Needless to say, I couldn’t understand a single shred of logic observed by this case manager. I initiated a chargeback through my bank for the $400 charge to my credit card. The outcome is pending. I have resubmitted a formal dispute with Airbnb. The result is pending. I have also investigated using the ACCC (Australian Competition and Consumer Commission) regulatory body to lodge a dispute. This will only take place if my bank is unsuccessful in recovering the charge. I’d like to note that this is not about the money, so much as the principle. Even if my bank is successful, I would like to warn users and non-users of Airbnb’s unreasonable customer service policies and poor support, as well as this host’s lack of consideration and diplomacy with respect to her guests. Stay here at your own peril.
This was my first experience at using Airbnb for accommodation in Sydney, Australia near Elizabeth Bay because so many places were booked solid. This will probably be my last time too. The place looked cute in the pictures, but when I arrived it was completely unclean. It was an old 1960’s apartment that was tidy, but so dirty. I did know that I would have to make up the bed myself and was fine with this, but I was not expecting to have to clean the whole place before I used it.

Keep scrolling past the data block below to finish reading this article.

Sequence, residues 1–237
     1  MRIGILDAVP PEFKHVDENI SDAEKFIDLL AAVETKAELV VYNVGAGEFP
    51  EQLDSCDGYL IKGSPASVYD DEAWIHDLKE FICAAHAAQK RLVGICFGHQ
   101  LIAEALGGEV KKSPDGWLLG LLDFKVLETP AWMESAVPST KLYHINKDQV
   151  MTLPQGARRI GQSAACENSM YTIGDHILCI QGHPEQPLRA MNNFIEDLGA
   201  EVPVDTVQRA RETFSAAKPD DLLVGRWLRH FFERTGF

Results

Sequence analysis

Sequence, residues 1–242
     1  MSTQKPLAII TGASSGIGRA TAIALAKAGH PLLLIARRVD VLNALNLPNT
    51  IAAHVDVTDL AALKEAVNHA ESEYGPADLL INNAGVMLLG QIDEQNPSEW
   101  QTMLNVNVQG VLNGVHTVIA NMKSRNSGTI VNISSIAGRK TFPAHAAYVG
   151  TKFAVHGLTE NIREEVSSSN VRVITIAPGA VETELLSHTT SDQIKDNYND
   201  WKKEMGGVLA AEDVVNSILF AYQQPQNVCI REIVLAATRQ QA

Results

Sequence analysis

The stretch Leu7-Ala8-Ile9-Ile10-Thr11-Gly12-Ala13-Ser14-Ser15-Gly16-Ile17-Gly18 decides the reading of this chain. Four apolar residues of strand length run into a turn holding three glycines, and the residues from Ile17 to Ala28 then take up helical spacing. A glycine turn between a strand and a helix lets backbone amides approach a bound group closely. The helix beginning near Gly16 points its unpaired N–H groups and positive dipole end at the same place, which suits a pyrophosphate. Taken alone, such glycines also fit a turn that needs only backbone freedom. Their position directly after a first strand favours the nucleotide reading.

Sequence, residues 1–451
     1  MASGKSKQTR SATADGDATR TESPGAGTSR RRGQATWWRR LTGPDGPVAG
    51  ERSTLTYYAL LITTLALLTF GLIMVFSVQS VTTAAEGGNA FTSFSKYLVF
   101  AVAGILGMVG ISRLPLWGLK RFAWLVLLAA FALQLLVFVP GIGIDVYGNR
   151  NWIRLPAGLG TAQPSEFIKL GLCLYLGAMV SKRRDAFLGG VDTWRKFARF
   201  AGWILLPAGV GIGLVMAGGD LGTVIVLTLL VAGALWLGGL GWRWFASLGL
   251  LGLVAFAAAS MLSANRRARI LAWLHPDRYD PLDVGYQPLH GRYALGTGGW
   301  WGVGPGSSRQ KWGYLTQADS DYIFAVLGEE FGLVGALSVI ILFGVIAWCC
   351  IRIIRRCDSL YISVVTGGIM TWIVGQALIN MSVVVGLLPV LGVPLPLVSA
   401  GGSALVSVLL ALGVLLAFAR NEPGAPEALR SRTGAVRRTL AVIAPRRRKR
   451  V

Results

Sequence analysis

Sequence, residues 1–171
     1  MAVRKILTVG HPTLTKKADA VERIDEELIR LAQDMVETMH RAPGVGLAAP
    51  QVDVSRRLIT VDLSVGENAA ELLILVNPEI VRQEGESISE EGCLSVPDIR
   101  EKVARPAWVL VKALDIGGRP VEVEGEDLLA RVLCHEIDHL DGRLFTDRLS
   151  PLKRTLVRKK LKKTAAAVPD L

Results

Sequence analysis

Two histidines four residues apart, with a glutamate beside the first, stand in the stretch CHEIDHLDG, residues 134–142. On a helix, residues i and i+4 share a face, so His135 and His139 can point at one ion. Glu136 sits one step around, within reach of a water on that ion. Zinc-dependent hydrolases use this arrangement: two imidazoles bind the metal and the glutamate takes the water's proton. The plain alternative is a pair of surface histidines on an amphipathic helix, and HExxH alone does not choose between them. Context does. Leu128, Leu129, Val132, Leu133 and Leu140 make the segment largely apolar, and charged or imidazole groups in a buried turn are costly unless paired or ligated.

The previous guests had left four bags of garbage, even though they could have disposed of them; there were plenty of bins in the street. They also had left their soiled bed linen and towels on a pile on the carpet. If I could have vacated and found another place I would have. There was thick dust on the TV and stand. The bathroom floor was dirty – and I mean really dirty. Under the basin there was dust and debris, used cotton buds, and hair pins.
The toilet was not sanitary. In the bowl were fecal stains and the deodoriser was empty and soiled. The shower base was cracked, crazed, and dirty. On top of the toilet cistern was sitting a huge gilded mirror with years of dust on the top and mould on the air vent. The carpet stank of dog – the hostess did not disclose in her ad that a dog lived on the premises – and was dirty and gritty.
The mini refrigerator was dirty. The ice box was completely frozen over with a piece of fish in a plastic sachet completely “cemented” into the ice. The ice trays were mouldy and there was half-eaten food still in the fridge. The stove elements and rings were encrusted with baked-on food.
Now for the worst.: the bed. The mattress had many large stains. It also stank of dog. The sheets were not fresh smelling nor clean. The quilt that I had to go searching for was ancient, stained, and torn. So was the cover, which was also flecked with red paint which matched the colour of one of her walls. When I contacted the hostess she asked me to please “excuse the holes and tears”. I was horrified to learn that she herself sleeps with the same quilt that she supplies to her guests.